By Dr Joann Fletcher
Last updated 2011-02-17
Needing larger premises, he took over an old palace next door which had once been Napoleon's private quarters, and business boomed. By 1857, the Illustrated London News observed, 'Perhaps in no hotel in the world do you find such an assembly of people of the rank and fashion from all countries as are found daily sitting down to the table d'hôte in the grand salon' - sentiments closely echoed by the Egypt Exploration Society's founder Amelia Edwards during her stay: 'so composite and incongruous is this body of Nile-goers, young and old, well-dressed and ill-dressed, learned and unlearned'. Yet as 'the caravansary through which the world flows', Shepheard's bustling atmosphere was not to everyone's taste. Edward Lear felt it was 'more like a pigstye mixed with a beargarden or a horribly noisy railway station than anything I can compare it to', and despite its reputation as the best in Egypt, Mark Twain described it as 'the second worst on earth'.
With the old palace replaced by a purpose-built hotel at the turn of the 20th century, the new Shepheard's remained a firm favourite with British and American tourists and a symbol of colonial rule. As the place to stay when in Egypt, some checked in simply for the social life and saw 'less of Egypt than they would if they remained in London and went to the Egyptian Department in the British Museum' wrote one observer in 1908. From the vantage point of the hotel's terrace and cocktail bar, where 'waiters glided about wearing fezzes and inscrutable Egyptian expressions' (according to Noel Coward), socialites could see and be seen in an atmosphere described as 'Eighteenth Dynasty Edwardian'.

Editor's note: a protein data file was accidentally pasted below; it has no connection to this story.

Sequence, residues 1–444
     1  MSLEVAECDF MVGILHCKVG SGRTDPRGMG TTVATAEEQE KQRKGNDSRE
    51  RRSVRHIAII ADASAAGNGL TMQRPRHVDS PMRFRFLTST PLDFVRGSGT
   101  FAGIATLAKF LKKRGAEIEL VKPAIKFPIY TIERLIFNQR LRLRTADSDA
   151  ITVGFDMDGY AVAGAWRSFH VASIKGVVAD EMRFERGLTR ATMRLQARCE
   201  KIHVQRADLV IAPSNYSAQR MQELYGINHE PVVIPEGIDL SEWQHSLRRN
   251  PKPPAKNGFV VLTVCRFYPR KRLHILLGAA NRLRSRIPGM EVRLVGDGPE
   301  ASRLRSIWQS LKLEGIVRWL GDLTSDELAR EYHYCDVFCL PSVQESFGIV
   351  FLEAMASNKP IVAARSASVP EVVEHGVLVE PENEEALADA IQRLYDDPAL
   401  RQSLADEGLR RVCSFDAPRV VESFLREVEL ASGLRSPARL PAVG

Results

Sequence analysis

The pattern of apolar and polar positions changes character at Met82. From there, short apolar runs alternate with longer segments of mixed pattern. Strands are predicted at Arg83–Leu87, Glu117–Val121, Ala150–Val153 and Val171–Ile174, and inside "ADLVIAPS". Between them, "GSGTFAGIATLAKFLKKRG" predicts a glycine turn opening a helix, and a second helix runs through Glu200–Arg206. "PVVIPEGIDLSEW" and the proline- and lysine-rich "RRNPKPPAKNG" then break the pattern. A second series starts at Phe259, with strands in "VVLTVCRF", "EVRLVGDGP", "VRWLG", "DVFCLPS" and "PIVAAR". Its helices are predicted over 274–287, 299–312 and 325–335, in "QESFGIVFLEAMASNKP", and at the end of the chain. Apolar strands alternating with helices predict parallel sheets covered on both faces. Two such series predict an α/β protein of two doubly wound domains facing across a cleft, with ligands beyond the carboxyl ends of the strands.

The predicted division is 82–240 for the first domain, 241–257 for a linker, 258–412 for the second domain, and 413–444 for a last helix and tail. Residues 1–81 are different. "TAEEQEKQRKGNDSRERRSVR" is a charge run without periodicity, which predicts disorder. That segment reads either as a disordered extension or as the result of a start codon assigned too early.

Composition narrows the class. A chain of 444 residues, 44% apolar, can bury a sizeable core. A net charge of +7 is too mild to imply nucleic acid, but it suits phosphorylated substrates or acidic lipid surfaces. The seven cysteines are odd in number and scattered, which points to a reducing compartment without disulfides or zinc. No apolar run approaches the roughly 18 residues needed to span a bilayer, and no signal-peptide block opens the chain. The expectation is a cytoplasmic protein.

It also remained a convenient base for those wanting to visit the city's antiquities museum and nearby ancient sites, from polymaths Edward Heron-Allen and Aleister Crowley to archaeologists Mortimer Wheeler and Gertrude Bell. The same eclectic mix of guests could also be found further south in Luxor at the imposing Winter Palace Hotel, built in 1905 to cater for the growing numbers of tourists travelling south and those wishing to winter by the Nile. With sufficient time and money on their hands, such people were often drawn into the enticing world of archaeology, something they could not really escape in a part of Egypt often described as 'the world's largest open-air museum'.
Among the many illustrious guests at the Winter Palace was Lord Carnarvon, who used it as a base in the years he funded Howard Carter's excavations in the Theban area. With their eventual discovery of Tutankhamen's tomb in 1922, the hotel became a kind of excavation headquarters, and as a venue for press conferences it hosted the Queen of the Belgians describing her 'profound emotion' following the official opening of the tomb's burial chamber in 1923. The hotel notice board even became the means by which Carter communicated statements to the world's press after Carnarvon's death in 1924, when he was left to deal with their endless demands single-handedly. During the rest of the 1920s as he worked on to carefully clear the tomb in increasingly difficult circumstances, he could often be seen gloomy and alone in the hotel's sumptuous foyer, 'indulging his lifelong love of a comfortable armchair' according to one of his biographers.